Given how obsessive the digital world has become with consistent posting of content through blogs and social media, it is interesting to see Dunlevie suggest slowing down. She notes that Google updates have increasingly prioritized how user-friendly and valuable your content is (and that is at a broader semantic level rather than just related to keywords).

 

Specifically, Dunlevie says that any posts should be carefully revised and edited prior to publishing them. Beyond your search engine results, it will also help you from a user experience perspective.

 

She suggests working with an editor. You can use an editor if you want to improve pieces you already have on your site or as part of the process to refine new ones as they’re created.

 

#6 – Skipping favicon customization

 

Ever look at the browser window, see those tiny icons adjacent to the title of the page, and wonder how you could have your own? It is easy not to pay enough attention to that element, the favicon. The problem with neglecting favicons is that they will get their information elsewhere. You don’t want your site to be advertising your theme company through its favicon.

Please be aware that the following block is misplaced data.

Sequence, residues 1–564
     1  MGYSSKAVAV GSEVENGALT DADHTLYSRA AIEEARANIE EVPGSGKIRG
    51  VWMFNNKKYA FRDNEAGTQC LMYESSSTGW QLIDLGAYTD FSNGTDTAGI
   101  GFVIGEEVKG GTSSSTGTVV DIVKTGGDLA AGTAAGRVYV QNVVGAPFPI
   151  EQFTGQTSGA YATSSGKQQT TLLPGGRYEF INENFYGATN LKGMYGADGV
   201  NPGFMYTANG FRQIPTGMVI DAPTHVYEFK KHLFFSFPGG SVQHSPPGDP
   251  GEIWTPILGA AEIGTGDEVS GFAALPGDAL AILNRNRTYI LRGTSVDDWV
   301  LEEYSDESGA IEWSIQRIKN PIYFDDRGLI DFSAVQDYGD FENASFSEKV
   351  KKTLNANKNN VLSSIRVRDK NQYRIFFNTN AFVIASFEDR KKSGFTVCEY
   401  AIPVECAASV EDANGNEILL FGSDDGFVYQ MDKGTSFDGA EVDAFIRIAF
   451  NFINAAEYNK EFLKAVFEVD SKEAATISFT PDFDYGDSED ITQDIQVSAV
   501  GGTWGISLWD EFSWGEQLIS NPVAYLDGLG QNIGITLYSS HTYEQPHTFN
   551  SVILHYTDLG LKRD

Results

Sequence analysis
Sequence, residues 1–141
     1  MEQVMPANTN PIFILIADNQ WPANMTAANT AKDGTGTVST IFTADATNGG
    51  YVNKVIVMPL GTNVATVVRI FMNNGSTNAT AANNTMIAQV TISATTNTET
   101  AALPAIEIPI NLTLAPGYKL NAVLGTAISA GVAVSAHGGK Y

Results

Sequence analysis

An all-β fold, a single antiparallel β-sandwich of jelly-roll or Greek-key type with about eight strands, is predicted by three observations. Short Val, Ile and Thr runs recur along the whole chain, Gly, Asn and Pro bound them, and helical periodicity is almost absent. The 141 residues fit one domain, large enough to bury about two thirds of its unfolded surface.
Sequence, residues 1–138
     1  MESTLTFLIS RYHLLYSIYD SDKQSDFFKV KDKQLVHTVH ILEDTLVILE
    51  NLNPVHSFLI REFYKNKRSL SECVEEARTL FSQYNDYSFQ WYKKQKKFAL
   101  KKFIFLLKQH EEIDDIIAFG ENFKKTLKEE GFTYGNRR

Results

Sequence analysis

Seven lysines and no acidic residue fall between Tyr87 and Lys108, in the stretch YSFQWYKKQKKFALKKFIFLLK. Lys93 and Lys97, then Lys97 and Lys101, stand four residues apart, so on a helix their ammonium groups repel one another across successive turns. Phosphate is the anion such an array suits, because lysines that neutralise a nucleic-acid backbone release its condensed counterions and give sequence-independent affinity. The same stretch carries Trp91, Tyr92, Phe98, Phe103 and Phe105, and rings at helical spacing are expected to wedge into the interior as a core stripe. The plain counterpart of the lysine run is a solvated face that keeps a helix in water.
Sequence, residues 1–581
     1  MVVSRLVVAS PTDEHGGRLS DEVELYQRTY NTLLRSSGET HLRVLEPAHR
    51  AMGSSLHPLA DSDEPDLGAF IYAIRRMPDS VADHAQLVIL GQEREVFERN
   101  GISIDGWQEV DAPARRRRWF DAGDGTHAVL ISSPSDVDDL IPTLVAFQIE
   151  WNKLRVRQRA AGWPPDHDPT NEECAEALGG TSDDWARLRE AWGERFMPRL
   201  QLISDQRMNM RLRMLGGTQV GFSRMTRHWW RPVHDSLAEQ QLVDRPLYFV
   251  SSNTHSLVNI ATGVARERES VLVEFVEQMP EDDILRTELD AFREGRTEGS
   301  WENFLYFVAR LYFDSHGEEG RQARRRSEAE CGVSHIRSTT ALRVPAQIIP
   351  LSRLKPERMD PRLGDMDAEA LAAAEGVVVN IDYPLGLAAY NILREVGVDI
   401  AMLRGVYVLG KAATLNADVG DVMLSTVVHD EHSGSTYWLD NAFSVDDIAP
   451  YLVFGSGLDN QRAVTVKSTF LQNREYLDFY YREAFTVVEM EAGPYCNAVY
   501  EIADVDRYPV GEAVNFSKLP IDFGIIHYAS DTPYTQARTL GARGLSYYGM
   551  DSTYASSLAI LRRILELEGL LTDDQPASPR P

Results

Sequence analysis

Your favicon should be thought of as your identity, says WPbeginner. Here is the Code information on Creating a Favicon if you need help moving forward.

 

#7 – Poor (faulty or off-point) choice of theme

 

WordPress is a standardized way to approach the web, so it’s important that you make the most of the elements that are most easily controllable – such as your theme. Think about it this way: the structure of your design will have a major impact on how well you do in search. Think usability, affordability, and credibility when selecting a theme, says Bullas – who suggests going straight to the WordPress Themes Directory to find one.